New Indicator of Climate Change’s Impact on Bird Populations

To date, few indicators have been developed that summarise the impacts of climate change on multiple species over large areas of land. Such an indicator is much desired by policy-makers, who want to be able to see the potential impacts of climate change on biodiversity. A new EU-supported study has therefore developed an indicator of climate change’s impact on European birds, which has subsequently been used to report threats to biodiversity.

The climatic impact indicator (CII) was developed by studying 108 of the 124 species in the Pan-European Common Bird Monitoring Scheme. It provides a graphic representation in the form of an index to demonstrate how climate change is affecting biodiversity. When the size of a bird’s population changes in line with predictions, the indicator goes up. The predictions come from a climate envelope model which maps changes in the environment surrounding a certain species or ecosystem under likely climate change. The indicator has been increasing since the 1980s, a pattern which matches rising temperatures in Europe and suggests that climate change is having a growing impact.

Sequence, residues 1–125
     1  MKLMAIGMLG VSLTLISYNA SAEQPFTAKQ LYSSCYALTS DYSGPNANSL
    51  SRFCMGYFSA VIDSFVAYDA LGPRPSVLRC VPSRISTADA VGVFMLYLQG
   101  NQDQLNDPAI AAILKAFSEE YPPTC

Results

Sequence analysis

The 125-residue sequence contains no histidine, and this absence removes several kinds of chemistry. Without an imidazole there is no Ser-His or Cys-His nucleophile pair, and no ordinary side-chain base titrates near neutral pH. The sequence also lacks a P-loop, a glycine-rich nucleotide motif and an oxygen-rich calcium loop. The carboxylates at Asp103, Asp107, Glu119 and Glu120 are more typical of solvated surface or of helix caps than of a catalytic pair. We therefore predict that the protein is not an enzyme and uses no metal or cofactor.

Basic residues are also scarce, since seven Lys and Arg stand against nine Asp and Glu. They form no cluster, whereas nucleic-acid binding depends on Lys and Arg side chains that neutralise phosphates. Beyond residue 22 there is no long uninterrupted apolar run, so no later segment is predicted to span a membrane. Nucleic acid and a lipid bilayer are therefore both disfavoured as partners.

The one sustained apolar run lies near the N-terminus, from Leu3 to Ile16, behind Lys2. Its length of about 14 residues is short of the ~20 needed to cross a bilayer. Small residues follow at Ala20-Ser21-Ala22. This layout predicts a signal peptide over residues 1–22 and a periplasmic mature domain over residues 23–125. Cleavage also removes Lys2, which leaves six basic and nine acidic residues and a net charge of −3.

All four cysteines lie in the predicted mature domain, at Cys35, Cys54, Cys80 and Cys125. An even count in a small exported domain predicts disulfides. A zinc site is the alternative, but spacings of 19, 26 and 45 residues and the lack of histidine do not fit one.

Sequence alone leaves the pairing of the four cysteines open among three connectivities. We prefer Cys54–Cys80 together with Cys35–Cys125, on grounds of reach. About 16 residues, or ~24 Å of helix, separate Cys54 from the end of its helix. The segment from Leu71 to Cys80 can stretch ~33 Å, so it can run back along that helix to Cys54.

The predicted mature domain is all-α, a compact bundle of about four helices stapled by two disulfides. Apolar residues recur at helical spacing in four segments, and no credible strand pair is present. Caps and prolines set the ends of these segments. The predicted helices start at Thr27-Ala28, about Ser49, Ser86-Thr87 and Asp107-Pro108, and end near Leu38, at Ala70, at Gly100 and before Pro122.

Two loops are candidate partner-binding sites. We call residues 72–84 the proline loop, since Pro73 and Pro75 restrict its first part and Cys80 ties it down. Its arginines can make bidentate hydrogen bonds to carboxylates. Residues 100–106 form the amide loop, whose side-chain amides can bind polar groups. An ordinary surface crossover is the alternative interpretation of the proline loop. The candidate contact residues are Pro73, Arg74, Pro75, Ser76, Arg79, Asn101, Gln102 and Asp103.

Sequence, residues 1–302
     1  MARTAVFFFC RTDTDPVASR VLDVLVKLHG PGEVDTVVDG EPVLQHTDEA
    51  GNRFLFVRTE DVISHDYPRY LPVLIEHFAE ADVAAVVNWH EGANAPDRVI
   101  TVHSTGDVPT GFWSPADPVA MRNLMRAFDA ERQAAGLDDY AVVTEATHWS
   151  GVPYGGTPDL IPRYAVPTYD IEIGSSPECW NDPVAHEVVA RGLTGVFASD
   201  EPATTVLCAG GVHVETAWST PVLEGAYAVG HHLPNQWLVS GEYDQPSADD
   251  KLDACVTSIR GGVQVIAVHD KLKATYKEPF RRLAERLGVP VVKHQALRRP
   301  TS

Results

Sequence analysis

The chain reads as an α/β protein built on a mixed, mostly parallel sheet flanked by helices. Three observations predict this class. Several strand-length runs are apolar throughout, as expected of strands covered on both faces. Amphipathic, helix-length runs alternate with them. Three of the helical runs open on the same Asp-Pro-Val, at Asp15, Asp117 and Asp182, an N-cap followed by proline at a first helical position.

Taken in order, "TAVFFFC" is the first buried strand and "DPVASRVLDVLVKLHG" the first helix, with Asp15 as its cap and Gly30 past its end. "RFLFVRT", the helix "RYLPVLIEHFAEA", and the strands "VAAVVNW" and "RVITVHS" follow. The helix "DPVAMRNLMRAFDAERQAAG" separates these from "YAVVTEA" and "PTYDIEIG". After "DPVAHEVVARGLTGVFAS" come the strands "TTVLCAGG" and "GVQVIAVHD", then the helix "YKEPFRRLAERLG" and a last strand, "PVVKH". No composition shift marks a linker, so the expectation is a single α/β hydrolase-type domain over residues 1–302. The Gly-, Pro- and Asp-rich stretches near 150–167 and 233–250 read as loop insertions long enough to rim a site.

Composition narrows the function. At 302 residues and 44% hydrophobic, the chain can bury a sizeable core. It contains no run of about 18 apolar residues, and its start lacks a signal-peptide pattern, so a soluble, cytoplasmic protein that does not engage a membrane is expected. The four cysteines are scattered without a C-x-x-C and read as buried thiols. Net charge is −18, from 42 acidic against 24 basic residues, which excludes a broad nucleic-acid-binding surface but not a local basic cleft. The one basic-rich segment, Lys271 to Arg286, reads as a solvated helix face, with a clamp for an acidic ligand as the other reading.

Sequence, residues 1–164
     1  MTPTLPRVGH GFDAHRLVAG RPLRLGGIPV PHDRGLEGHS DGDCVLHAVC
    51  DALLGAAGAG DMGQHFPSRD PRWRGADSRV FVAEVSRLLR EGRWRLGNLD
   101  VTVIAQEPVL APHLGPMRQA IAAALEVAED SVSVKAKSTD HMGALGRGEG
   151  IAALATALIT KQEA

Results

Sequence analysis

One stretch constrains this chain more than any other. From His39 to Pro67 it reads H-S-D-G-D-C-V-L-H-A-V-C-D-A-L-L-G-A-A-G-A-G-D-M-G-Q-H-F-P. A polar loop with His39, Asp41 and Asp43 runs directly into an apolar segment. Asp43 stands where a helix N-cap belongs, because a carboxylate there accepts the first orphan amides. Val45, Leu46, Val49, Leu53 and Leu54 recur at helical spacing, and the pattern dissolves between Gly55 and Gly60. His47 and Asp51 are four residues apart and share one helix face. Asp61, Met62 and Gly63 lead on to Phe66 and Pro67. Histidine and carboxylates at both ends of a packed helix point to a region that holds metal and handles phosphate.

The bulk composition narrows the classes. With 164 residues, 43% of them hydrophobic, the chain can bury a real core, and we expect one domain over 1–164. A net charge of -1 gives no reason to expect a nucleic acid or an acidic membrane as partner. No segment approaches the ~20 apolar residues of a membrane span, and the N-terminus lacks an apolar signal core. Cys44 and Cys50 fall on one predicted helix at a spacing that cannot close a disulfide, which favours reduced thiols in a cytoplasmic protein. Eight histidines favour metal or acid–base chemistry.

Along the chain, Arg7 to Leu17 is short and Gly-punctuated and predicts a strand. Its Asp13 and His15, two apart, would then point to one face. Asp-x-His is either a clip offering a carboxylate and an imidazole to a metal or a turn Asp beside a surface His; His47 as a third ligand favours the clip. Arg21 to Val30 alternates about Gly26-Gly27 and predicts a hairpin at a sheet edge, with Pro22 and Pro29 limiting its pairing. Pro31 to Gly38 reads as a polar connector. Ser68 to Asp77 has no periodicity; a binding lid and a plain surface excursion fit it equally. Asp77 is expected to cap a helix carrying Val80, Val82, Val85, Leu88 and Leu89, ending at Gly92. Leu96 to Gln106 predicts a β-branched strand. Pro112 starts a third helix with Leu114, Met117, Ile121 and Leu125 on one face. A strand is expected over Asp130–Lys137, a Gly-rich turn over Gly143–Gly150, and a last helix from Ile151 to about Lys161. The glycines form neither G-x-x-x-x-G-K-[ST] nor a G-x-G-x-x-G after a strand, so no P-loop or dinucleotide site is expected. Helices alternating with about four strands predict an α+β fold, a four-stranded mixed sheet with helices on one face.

Whilst the CII incorporates both positive and negative changes in bird populations, the researchers found that 75 per cent of changes were negative. The species likely to be worst affected by climate change include the Common Snipe (Gallinago gallinago), Meadow Pipit (Anthus pratensis) and Brambling (Fringilla montifringilla), although some species, such as the European Bee-eater (Merops apiaster), are already being observed to benefit.

The CII may be able to inform environmental policy by acting as a biodiversity target, for example if a policy objective was introduced to slow the rate of increase of the CII. Such a target would of course have to recognise time lags in the impact of climate change. Separate CII indicators could nonetheless be prepared for individual countries and groups of birds in the future, as well as for many different species.

Source: Gregory, R.D., Willis, S.G. Jiguet, F. et al. (2009). An indicator of the Impact of Climatic Change on European Bird Populations.
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